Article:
- The Washington Times - Friday, August 6, 2010

Businesses took on another 71,000 new workers in July, continuing the trend of creating a trickle of new jobs since the beginning of the year, the Labor Department reported Friday morning.

About half the job gains came in manufacturing, where auto companies have been ramping up production. Manufacturing employment has expanded by 183,000 since December, accounting for nearly a third of the 630,000 private jobs created so far this year.

The steady but modest stream of new jobs was not enough to draw down the unemployment rate, which hovered at 9.5 percent for a second month. The number of long-term jobless was unchanged at 6.6 million — nearly half the unemployed.

Governments at all levels continued to shed jobs. The federal government laid off another 143,000 temporary census workers and state and local employment fell by 59,000 as shrinking revenues forced city and state governments to shed staff.

The government layoffs more than offset the modest gains in private jobs, leading to an overall decrease of 131,000 jobs in the economy during the month.

President Obama, speaking at Gelberg Signs, a small business in Washington that is expanding and hiring workers, hailed the seventh straight month of private job creation as a good sign for the economy but said the progress “needs to come faster.”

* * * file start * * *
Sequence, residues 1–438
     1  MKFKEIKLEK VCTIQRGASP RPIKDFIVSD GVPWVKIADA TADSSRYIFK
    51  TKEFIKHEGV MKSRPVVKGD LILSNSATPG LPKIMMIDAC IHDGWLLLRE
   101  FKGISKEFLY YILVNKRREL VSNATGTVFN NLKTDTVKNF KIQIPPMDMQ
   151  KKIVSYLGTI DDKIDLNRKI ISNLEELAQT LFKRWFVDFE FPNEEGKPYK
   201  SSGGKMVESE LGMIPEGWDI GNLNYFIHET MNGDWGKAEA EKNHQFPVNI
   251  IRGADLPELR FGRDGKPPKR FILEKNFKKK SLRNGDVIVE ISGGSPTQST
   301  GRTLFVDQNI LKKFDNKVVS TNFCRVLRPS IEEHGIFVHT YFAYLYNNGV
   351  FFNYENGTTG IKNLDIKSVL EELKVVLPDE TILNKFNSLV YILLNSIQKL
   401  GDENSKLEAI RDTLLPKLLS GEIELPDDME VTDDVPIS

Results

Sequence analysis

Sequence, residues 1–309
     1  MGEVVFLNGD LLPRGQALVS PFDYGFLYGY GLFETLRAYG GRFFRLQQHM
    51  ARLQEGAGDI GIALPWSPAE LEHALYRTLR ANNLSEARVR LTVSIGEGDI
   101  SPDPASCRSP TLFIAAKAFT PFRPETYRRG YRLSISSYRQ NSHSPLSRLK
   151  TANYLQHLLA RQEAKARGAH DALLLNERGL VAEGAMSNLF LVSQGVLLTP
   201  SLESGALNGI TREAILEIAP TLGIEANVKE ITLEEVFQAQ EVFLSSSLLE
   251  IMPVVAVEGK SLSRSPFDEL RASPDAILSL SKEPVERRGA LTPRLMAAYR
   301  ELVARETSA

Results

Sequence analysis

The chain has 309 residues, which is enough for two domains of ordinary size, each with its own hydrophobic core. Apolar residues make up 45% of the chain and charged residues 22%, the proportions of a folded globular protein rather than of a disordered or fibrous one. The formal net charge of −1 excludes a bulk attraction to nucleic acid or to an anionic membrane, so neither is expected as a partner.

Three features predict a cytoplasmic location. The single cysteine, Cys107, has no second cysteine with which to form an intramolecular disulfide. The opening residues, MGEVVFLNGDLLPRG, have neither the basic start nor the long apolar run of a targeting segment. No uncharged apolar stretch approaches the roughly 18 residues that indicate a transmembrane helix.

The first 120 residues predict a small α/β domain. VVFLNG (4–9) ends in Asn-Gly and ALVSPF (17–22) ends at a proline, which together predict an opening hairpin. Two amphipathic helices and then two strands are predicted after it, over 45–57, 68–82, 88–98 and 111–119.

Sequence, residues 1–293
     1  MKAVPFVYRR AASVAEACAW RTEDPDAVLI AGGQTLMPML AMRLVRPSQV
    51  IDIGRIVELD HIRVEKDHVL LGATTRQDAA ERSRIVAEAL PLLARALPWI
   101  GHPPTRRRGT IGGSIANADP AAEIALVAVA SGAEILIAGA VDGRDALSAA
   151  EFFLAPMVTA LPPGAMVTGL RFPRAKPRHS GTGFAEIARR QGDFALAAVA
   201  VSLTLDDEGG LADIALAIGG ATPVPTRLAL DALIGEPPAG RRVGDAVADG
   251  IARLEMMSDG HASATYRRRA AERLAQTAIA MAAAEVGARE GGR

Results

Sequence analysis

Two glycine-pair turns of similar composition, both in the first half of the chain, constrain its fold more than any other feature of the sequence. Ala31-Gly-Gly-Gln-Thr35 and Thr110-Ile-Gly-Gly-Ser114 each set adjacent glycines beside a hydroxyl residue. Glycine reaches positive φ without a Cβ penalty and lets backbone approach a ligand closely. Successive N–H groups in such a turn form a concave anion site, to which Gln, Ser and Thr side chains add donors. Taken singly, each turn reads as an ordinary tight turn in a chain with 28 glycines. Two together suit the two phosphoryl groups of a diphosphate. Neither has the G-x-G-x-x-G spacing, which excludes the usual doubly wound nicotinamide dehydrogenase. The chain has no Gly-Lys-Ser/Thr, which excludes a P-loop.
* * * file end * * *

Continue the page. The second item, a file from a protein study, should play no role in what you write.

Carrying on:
The gains in private jobs were close to the 90,000 that Wall Street economists were predicting, and could soothe investors and consumers worried about the U.S. economy relapsing into a double-dip recession. But along with a downward revision to 31,000 in the number of jobs created in June, the figures confirm that the economy slowed further this summer after a burst of job growth in the spring.

“The jobs release could be more important than usual” for the markets because of the extreme bearishness about the U.S. economy in recent weeks, said Raghav Subbarao, analyst at Barclays Capital. He believes the economy is in better shape than most investors believe right now.

But U.S. Chamber of Commerce economist Martin Regalia called the job gains “paltry” and blamed Congress and the administration for causing employers to put their hiring plans on hold out of fear they will face increased taxes and regulation in coming months.

One possible source of cheer in the report was the lack growth in temporary jobs for the first time in a year — suggesting that employers may be making a critical shift into taking on permanent, full-time staff rather than relying on temp workers to manage new demand for their services. Temporary jobs actually declined by 6,000 in July.

The workweek rose slightly by 0.1 hour to 34.2 hours, and hourly earnings eked out another 0.2 percent gain. The growth in average wages has been weak, though, at 1.8 percent in the last year, the department said.

Among the industries adding jobs was oil and mining, where 7,000 people were employed mostly in support services, likely reflecting the clean-up of the oil spill on the Gulf coast. 

Health care, the only industry that added jobs through much of the recession, took on another 23,000 workers last month.